In this episode I talk (again) to Brian Earp. Brian is Associate Director of the Yale-Hastings Program in Ethics and Health Policy at Yale University and The Hastings Center, and a Research Fellow in the Uehiro Centre for Practical Ethics at the University of Oxford. Brian has diverse research interests in ethics, psychology, and the philosophy of science. His research has been covered in Nature, Popular Science, The Chronicle of Higher Education, The Atlantic, New Scientist, and other major outlets. We talk about his latest book, co-authored with Julian Savulescu, on love drugs.
- 0:00 – Introduction
- 2:17 – What is love? (Baby don’t hurt me) What is a love drug?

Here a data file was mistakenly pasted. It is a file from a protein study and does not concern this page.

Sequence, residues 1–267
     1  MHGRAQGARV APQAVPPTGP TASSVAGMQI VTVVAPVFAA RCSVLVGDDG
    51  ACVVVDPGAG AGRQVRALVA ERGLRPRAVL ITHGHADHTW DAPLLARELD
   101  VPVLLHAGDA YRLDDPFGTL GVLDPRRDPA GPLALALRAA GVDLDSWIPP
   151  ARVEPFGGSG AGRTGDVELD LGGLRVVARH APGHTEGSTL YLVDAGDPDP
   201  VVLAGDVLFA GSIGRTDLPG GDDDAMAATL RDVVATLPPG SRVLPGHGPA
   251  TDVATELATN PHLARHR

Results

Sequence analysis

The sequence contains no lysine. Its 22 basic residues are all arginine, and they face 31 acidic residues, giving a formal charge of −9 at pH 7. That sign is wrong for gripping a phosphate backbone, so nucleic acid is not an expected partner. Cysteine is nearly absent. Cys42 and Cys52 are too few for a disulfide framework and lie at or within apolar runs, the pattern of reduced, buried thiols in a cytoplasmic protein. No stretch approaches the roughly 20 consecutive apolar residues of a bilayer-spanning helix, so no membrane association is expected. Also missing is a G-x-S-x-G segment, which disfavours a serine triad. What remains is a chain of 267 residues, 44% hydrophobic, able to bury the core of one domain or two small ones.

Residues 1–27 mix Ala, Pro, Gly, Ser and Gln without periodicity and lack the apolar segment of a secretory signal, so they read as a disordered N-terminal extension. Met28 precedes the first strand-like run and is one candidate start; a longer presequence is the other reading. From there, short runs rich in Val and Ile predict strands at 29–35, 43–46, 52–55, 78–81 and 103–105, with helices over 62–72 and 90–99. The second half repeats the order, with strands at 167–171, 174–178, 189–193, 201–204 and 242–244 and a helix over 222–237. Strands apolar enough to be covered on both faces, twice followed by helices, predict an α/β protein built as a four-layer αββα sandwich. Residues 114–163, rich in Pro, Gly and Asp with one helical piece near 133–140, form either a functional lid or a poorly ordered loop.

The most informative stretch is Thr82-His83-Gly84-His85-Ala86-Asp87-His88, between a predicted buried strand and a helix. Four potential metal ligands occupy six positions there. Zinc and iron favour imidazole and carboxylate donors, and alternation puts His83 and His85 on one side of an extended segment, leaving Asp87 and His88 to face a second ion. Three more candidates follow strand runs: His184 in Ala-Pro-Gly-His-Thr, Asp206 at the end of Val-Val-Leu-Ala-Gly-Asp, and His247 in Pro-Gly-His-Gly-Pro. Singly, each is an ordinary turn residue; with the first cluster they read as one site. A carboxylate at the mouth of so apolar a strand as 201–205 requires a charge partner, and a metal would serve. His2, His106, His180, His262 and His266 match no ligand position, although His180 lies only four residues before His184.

- 7:30 – What are the biological underpinnings of love?
- 10:00 – How constraining is the biological foundation to love?
- 13:45 – So we’re not natural born monogamists or polyamorists?
- 17:48 – Examples of actual love drugs
- 23:32 – MDMA in couples therapy
- 27:55 – The situational ethics of love drugs
- 33:25 – The non-specific nature of love drugs
- 39:00 – The basic case in favour of love drugs
- 40:48 – The ethics of anti-love drugs
- 44:00 – The ethics of conversion therapy
- 48:15 – Individuals vs systemic change
- 50:20 – Do love drugs undermine autonomy or authenticity?
- 54:20 – The Vice of In-Principlism
- 56:30 – The future of love drugs
- Brian’s Academia.edu page (freely accessible papers)
- Brian’s Researchgate page (freely accessible papers)
- Brian asking Sam Harris a question
- The book: Love Drugs or Love is the Drug
- ‘Love and enhancement technology’by Brian Earp
- ‘The Vice of In-principlism and the Harmfulness of Love’ by me